Ghost Hunters – How Much Do You Charge?

question-75During June 2009, we conducted a poll of our readers to see how much they charge when they investigate a private residence.

These were the results:

poll-chargesJune2009Among those who’ve talked with me about how much they charge, most echo the poll results.  They don’t charge the client anything at all, or — if travel expenses are involved — they ask the client to pay for gas and to arrange lodging.

Those who charge over $200 were also very forthcoming.  The figure that I’ve heard most often is $350 plus expenses. That can increase if the team is large.  Four-figure amounts are not rare, when the team includes professionals or six or more people.

2017 update: In recent years, this has changed. Most ghost hunting teams do not charge clients to investigate homes.  But, teams are more cautious about which locations to investigate.

This is a topic that’s difficult to discuss, even among professionals who otherwise agree on most everything.

Some say, “You get what you pay for.”  Others insist that investigations are an essential part of our research, and must be financed however the individual (or team) covers other expenses related to this work.

I think the poll speaks for itself, in understanding the financial side of investigations.

If someone is troubled by an apparent haunting in his or her home, it’s probably easy to find a team that will conduct the research free of charge.

If someone wants to hire a professional team, the fees are likely to be $200+ for that service.

When I investigate private homes — rare, in recent years — my travel expenses are covered if I’m traveling more than an hour from home.  If the site is planning to use my research to improve their business (such as a restaurant or hotel that wants to claim they have ghosts),  a fee may be involved.

When a homeowner is frantic for help, I usually look for ways to reduce or eliminate their costs altogether.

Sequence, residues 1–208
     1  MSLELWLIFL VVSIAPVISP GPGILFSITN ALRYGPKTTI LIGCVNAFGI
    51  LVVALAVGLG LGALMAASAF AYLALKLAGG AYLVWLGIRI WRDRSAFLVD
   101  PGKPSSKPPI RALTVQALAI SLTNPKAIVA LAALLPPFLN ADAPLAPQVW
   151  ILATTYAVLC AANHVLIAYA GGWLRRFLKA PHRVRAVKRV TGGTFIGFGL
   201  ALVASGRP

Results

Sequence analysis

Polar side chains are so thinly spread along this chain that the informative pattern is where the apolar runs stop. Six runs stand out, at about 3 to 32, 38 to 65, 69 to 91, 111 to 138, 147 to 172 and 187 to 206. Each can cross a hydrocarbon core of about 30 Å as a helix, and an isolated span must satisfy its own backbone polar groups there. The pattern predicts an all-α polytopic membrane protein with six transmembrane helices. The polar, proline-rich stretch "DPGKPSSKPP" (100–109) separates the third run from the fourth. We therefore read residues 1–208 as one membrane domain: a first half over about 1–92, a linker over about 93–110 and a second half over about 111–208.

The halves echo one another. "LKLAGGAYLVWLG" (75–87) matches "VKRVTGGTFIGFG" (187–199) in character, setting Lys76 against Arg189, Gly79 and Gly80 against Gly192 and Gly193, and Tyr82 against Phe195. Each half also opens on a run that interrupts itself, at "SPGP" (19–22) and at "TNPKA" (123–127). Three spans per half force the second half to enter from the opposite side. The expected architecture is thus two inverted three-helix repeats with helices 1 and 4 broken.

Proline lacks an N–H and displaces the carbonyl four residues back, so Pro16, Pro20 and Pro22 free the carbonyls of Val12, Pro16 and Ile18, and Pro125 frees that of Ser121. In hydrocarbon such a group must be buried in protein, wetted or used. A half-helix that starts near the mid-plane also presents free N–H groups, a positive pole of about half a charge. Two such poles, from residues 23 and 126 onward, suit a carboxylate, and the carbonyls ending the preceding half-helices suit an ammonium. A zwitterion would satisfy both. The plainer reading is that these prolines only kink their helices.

FOR GHOST HUNTING TEAMS

As of 2017, consider carefully before offering to investigate a stranger’s home. Be sure you carry insurance for any damages they may claim.

Be skeptical. I’m not saying that all victims of haunted houses are exaggerating, but some are, and a few have mental health issues better resolved by health professionals.

In addition, we’ve seen an increase in demonic activity at some sites. So, be very sure the potential client isn’t describing something dangerous. If they are, refer them to a local priest, minister, or skilled (and trusted) demonologist. (I generally refer people to John Zaffis, Pete Haviland, Carl & Keith Johnson, and others I know and trust.)

FOR HOMEOWNERS AND TENANTS

No matter who is investigating, I encourage homeowners to check references carefully, and not just the rave reviews by friends of the individual or team.

A lot of people claim they’ve been ghost hunting for years.  Ask them for real proof… a website from before 2004, or a series of books they’ve written, etc.  (Anyone can write and publish one or two books.  Five or six books…?  That’s more likely to indicate competence.)

Learn the best — and worst — that’s said about the researchers you’re considering. Then, make an educated decision.

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